Buyers at this price point use scores as a guide to influence their decisions, but they are not likely to be sold on a point score alone.4 They need additional information to make their selection.

Cost Per Bottle: $50+

IMPACT: Direct Purchase Driver
Over half of consumers who regularly purchase at the $50+ price point base at least some of their final decision on ratings/reviews.4 While scores are a key resource for this buyer, they are likely to welcome and incorporate additional information.

How is it possible your most informed customers are also the most likely to make final purchasing decisions based on point scores? Subscriptions to top sources of wine scores surge to over 50 percent among buyers of $50+ wines.4 It therefore stands to reason they might give these top publications and personalities greater consideration than someone who hasn’t reached – or is not pursuing – the same level of wine knowledge.

In our earlier study of the impact of point scores on POS across price points, one more insight rose to the top during in-store qualitative study portion. The researcher looked at what happened when retailers provided their own recommendations via shelf talker, ranging from staff picks to in-house ratings. While shoppers assumed these endorsements might be a little biased, they were absolutely influenced to consider and purchase.5 This opens the door to selectively recommending wines in other ways that will reassure skeptics – or show love on shelf to products that simply don’t have meaningful point scores – while also reinforcing relationships with your customers.

How is it possible your most
informed customers are also the
most likely to make final purchasing
decisions based on point scores?


As seen in overall consumer trends, buyers increasingly turn to multiple sources. How do you tap into these tools as a supplement to your team’s one-on-one advice?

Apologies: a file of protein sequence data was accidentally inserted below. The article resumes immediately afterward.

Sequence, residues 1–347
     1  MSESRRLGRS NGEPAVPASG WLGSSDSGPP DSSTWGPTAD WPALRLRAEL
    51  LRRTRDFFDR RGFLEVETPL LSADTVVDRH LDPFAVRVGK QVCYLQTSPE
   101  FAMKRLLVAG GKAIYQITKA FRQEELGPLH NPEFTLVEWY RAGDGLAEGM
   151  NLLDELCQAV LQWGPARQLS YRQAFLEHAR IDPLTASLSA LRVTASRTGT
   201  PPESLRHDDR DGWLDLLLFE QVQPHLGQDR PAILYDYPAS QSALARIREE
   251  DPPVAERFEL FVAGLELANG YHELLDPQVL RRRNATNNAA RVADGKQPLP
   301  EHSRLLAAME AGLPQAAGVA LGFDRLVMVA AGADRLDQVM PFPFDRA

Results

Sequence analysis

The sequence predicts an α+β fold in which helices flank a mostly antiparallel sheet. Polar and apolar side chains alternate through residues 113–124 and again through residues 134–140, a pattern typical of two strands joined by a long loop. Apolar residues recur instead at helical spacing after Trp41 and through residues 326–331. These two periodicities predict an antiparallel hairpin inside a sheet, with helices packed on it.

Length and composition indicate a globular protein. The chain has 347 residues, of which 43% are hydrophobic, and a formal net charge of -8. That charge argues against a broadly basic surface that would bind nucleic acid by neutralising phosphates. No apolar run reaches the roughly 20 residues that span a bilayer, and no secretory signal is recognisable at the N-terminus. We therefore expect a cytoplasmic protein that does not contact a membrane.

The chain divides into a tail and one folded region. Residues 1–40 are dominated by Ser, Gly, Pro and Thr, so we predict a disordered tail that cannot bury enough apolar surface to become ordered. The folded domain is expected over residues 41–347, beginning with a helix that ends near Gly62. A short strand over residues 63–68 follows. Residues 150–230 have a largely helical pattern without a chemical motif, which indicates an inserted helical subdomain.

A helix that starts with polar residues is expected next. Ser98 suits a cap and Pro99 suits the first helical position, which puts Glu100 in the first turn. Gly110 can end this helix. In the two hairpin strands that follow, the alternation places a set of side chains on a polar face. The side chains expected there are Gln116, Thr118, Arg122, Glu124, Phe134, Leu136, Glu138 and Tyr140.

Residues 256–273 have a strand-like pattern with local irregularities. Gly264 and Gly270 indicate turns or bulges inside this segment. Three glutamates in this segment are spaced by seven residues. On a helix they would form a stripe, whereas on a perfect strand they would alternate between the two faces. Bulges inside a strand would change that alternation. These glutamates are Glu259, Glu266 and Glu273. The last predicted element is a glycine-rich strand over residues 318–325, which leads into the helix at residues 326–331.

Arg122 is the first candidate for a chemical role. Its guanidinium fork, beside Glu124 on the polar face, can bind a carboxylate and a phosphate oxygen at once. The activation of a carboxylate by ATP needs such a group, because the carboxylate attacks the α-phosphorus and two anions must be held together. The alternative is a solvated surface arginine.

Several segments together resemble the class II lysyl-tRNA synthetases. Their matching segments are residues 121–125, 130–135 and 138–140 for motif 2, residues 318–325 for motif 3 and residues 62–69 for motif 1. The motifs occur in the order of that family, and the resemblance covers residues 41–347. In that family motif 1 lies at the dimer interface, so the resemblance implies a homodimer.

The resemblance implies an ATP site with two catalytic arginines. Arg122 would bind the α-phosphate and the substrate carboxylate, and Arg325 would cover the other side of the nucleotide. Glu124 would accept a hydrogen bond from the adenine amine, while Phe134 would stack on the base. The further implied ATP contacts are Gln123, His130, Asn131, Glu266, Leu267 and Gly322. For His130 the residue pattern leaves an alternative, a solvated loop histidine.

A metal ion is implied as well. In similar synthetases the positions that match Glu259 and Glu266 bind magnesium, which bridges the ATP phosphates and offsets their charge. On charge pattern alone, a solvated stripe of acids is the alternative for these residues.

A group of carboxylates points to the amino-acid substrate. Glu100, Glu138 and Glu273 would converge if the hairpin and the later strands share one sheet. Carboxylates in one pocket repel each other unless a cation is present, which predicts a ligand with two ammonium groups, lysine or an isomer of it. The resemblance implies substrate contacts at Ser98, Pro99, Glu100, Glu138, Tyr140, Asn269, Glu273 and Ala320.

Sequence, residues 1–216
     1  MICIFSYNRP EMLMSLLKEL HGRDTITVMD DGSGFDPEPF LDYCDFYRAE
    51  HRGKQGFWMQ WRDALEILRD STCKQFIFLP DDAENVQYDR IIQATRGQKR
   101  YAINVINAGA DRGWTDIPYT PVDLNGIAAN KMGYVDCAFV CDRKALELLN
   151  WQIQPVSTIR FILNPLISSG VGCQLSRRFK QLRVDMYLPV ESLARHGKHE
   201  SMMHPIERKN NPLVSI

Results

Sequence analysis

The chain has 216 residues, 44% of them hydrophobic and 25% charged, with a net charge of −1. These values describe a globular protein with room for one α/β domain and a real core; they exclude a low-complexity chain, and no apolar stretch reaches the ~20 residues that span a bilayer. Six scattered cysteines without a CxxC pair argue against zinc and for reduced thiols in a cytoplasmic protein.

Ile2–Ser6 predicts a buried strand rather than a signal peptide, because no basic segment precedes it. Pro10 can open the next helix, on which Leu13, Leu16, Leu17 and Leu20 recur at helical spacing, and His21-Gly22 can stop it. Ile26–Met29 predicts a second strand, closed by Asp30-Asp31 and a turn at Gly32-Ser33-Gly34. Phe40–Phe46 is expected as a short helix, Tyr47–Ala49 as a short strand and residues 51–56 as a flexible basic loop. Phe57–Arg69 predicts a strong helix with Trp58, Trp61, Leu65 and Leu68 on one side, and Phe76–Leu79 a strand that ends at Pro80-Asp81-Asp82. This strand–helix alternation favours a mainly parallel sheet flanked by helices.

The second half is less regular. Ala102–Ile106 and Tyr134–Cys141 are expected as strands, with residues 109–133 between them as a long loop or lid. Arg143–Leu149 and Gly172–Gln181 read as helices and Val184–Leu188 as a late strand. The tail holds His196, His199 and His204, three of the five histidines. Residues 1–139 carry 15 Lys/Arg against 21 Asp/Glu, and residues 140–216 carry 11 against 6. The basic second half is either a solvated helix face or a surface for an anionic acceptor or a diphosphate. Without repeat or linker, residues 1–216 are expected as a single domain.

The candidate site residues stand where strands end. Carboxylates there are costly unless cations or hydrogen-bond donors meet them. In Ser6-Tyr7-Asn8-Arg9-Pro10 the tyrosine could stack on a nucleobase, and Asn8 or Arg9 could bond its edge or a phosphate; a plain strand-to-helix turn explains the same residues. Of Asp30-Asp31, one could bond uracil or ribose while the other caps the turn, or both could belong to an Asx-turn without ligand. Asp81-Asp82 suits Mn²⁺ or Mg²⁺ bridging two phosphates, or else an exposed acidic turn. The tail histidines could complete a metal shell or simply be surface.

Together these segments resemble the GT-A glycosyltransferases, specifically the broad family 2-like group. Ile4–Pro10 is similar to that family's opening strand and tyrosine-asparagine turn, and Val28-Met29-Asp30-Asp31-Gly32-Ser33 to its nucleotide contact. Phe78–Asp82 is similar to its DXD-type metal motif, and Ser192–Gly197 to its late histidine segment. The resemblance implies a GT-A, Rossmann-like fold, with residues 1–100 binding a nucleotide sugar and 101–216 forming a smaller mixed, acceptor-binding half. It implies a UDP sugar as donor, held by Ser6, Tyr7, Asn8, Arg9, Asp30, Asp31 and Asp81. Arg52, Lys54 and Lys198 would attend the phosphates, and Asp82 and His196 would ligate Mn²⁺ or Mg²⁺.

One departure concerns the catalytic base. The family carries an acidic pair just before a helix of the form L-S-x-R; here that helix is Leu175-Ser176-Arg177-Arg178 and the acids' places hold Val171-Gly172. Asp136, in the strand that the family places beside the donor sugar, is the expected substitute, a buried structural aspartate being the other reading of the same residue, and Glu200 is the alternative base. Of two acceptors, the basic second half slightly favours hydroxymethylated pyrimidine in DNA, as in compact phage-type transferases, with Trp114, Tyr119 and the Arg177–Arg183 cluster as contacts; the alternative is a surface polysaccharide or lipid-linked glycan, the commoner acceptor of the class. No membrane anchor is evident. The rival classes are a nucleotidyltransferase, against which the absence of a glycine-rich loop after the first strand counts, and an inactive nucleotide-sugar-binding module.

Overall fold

You undoubtedly already have a handle on best practices using point scores in your store environment. Supplementing the power of points with consumer reviews and staff recommendations is easy.

Feature online reviews and staff suggestions on in-store merchandising, such as shelf talkers, for un-scored wines, wine styles that don’t tend to land high point scores yet deliver on fine wine taste profiles, and wines priced $20-$30.

Consider adding consumer reviews and staff recommendations to product pages or features on your website, to your email newsletter, and/or on social media. (Staff picks are particularly well suited to social media, particularly if you post with a photo or video of willing staff members.)

Above all, don’t stop using point scores on shelf or on relevant other POS, especially for your luxury items. None of our data indicates showing a point score to your consumer will negatively impact their decision. At worst, they may not notice or care about every score, every time. Such is the life of in-store merchandising anyway. The key is to look for ways to expand your approach to providing this kind of recommendation. Your entry-level fine wine consumer will welcome supplementary guidance through online consumer reviews, staff picks or personal recommendations.

1. The Drum, “Online Reviews Impact Purchasing Decisions for Over 93% of Consumers, Report Suggests,” 2017.
2. Pew Research Center, “Online Shopping and E-Commerce,” Dec 2016.
3. Interview with Nicholas Paris, MW, based on independent proprietary research, Jan 2018.
4. E.&J. Gallo Consumer & Product Insights, Fine Wine Consumer Foundational Research data, Feb 2018.
5. Interview with Nicholas Paris, MW, based on independent proprietary research, Jan 2018. 6. Entrepreneur, “Online Reviews Are the New Social Proof,” Sept 2016